Saturday, April 4, 2015

European Regulators Sticking their Nose into Apple's Streaming Music Business before it even get's off the Ground

Sticking their nose in Apple's business is becoming an annual affair with European Regulators of one kind or another. Last year they warned Apple that they had to adopt the charging standard for mobile devices that was adopted by Android because, well, they felt like it. Now, one year later, and they're at it again. European regulators are scrutinizing Apple's dealings with record labels, amid an intensifying battle over the future of free, ad-supported music streaming services such as Spotify.

The Financial Times reports that several music labels "have been sent questionnaires requesting information about agreements between the labels and Apple ahead of the planned summer launch of the company's own music streaming service, putting it into competition with the likes of Spotify, Deezer and Google." Of course, let's be absolutely blunt here, Spotify and Deezer are European. To be specific, they originate in England and France respectively.

The Financial Times notes that "Such questionnaires are often triggered by a formal complaint to the commission, the EU's top competition authority. The information gathering is the first step in a probe and does not necessarily mean Brussels will launch a formal antitrust investigation. If the commission concludes there is wrongdoing it is empowered to require changes to business practices and can impose hefty fines.

According to the Financial Times, "The commission's probe has prompted finger-pointing within the music industry about the source of the complaint, with some suspecting one of the companies that currently offers free streaming services. But it comes at a critical moment for the music business, as its income has shifted away from digital downloads towards a new generation of streaming services, led by Spotify. Spotify has 15m subscribers who pay $10 a month for unlimited listening, with 60m people using its free, ad-supported service."

Last month we posted a report titled "The Music Industry is frowning on Freemium Streaming Services just as Apple's New Service is Around the Corner." In that report we noted that the music industry had been re-thinking the so-called "freemium" music streaming business model.

The issue exploded onto the scene with the very public incident of Taylor Swift yanking her music from Spotify. In November the Rolling Stone noted that Taylor Swift had never been the most enthusiastic supporter of free music. Swift had written at an earlier time that "Music is art, and art is important and rare. Important, rare things are valuable. Valuable things should be paid for."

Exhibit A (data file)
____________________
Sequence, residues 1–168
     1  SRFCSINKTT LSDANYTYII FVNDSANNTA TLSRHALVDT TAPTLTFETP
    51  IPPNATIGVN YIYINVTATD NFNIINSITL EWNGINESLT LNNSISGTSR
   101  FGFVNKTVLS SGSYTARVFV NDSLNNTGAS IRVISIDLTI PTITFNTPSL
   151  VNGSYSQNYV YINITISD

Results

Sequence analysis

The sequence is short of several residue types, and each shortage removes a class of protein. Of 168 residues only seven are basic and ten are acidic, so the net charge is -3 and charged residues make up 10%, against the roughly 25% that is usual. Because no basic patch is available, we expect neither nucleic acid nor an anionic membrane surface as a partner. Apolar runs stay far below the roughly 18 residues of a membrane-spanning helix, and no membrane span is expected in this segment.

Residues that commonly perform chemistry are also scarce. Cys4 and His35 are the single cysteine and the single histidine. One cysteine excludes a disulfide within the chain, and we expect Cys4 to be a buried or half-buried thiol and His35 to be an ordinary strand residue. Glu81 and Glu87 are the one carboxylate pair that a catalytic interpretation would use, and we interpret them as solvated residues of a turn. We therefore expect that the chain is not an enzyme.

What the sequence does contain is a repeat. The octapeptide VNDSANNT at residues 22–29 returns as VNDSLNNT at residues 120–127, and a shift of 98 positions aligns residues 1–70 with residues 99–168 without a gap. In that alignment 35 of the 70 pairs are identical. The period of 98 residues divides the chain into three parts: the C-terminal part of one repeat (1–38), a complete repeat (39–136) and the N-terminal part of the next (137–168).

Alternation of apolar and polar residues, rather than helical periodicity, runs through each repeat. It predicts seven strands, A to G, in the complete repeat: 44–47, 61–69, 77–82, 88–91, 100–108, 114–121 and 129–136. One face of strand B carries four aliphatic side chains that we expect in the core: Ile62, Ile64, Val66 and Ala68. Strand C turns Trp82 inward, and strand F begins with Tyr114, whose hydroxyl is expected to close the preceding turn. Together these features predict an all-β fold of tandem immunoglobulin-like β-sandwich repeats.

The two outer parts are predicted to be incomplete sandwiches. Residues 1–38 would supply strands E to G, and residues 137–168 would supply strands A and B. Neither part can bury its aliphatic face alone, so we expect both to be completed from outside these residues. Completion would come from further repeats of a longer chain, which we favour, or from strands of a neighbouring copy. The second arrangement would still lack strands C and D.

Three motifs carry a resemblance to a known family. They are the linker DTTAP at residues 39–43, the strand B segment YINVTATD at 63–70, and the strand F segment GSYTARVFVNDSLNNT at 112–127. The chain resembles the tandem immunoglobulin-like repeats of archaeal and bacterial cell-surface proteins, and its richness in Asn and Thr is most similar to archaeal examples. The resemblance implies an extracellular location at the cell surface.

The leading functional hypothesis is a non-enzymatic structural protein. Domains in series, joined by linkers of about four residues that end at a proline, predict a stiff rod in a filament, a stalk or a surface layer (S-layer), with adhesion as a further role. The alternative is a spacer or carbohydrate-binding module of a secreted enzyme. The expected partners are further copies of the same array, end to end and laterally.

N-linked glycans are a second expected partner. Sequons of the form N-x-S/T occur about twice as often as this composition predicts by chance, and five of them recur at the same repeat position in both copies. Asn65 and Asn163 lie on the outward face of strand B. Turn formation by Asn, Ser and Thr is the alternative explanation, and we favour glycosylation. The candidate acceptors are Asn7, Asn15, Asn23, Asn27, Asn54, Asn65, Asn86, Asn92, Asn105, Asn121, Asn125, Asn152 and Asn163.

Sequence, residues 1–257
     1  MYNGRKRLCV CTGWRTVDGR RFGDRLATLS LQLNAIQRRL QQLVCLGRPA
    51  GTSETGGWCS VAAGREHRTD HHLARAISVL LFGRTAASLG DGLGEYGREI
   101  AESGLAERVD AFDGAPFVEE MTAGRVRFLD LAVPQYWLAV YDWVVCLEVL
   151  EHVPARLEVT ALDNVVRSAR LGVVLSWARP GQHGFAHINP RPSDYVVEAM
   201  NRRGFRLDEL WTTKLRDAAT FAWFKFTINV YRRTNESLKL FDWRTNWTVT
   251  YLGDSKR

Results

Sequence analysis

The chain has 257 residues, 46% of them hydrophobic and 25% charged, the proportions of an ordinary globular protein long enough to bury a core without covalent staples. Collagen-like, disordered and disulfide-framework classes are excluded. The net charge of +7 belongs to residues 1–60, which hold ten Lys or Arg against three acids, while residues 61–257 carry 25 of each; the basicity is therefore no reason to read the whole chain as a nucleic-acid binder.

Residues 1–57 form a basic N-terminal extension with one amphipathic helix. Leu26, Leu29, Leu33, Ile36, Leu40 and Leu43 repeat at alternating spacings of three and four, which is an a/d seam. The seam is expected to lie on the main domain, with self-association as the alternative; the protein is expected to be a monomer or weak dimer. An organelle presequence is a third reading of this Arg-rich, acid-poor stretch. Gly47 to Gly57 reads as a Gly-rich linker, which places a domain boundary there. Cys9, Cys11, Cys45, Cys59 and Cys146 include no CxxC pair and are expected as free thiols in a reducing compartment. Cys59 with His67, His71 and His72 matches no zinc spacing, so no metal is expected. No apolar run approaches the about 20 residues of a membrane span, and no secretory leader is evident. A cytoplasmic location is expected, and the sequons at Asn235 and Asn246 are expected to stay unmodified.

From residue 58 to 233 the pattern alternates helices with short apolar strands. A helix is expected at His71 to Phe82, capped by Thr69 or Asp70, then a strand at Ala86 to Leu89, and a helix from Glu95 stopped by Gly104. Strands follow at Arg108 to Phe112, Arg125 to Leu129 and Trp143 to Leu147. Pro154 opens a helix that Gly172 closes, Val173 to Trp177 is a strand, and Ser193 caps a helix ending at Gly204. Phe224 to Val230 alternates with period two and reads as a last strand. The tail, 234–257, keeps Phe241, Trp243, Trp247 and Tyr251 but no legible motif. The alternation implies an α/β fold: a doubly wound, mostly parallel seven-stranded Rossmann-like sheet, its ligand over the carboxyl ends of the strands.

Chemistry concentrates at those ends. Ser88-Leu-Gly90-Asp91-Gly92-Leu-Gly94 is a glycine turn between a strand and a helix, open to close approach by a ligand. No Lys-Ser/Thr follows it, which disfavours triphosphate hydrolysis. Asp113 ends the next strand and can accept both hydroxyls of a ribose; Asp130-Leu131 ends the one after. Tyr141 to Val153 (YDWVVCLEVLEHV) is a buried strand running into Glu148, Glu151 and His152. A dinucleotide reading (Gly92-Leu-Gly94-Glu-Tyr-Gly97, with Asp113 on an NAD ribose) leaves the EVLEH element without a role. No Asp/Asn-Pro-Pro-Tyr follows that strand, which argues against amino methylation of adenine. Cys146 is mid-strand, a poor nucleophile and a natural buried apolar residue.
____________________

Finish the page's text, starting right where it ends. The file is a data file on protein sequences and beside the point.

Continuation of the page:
Apple is banging the drum to basically wipe out those services. They're willing to sell a streaming service and drop the freemium tier which is hurting the industry and artists like Taylor Swift. That in turn would hurt the European music streaming services and hence a magical complaint was filed because a new business model being introduced by Apple and supported by the U.S. music labels could upset the Apple cart for the European brands that got away with giving music away without paying for it for too long. What the European regulators are quietly threatening now reeks of politics, pure and simple.

The New York Times reported just last week that Apple failed to get Pricing Concessions from Record Labels for their Upcoming Streaming Music Service. But the Europeans of course don't trust the U.S. for anything. They prefer to stir things up, get big headlines in the press and show U.S. businesses that they're the boss. The Europeans demand communistic rules when it comes to business. No, honest negotiations with the music labels isn't allowed. I hope that the music label will tell Europe in no uncertain terms to shove their questionnaires into unpleasant locales. But they won't even though they should.

What's next? Perhaps some European regulator will decide that Apple's iOS is just too damn different and that Android must run on Apple's iPhone to make it easier for Europeans. That's how stupid European regulators (or parliament) were when forcing USB down Apple's throat instead of allowing them to run their business as they saw fit and provide better market solutions. Until the U.S. regulators start barking back, this European nonsense is never going to end.

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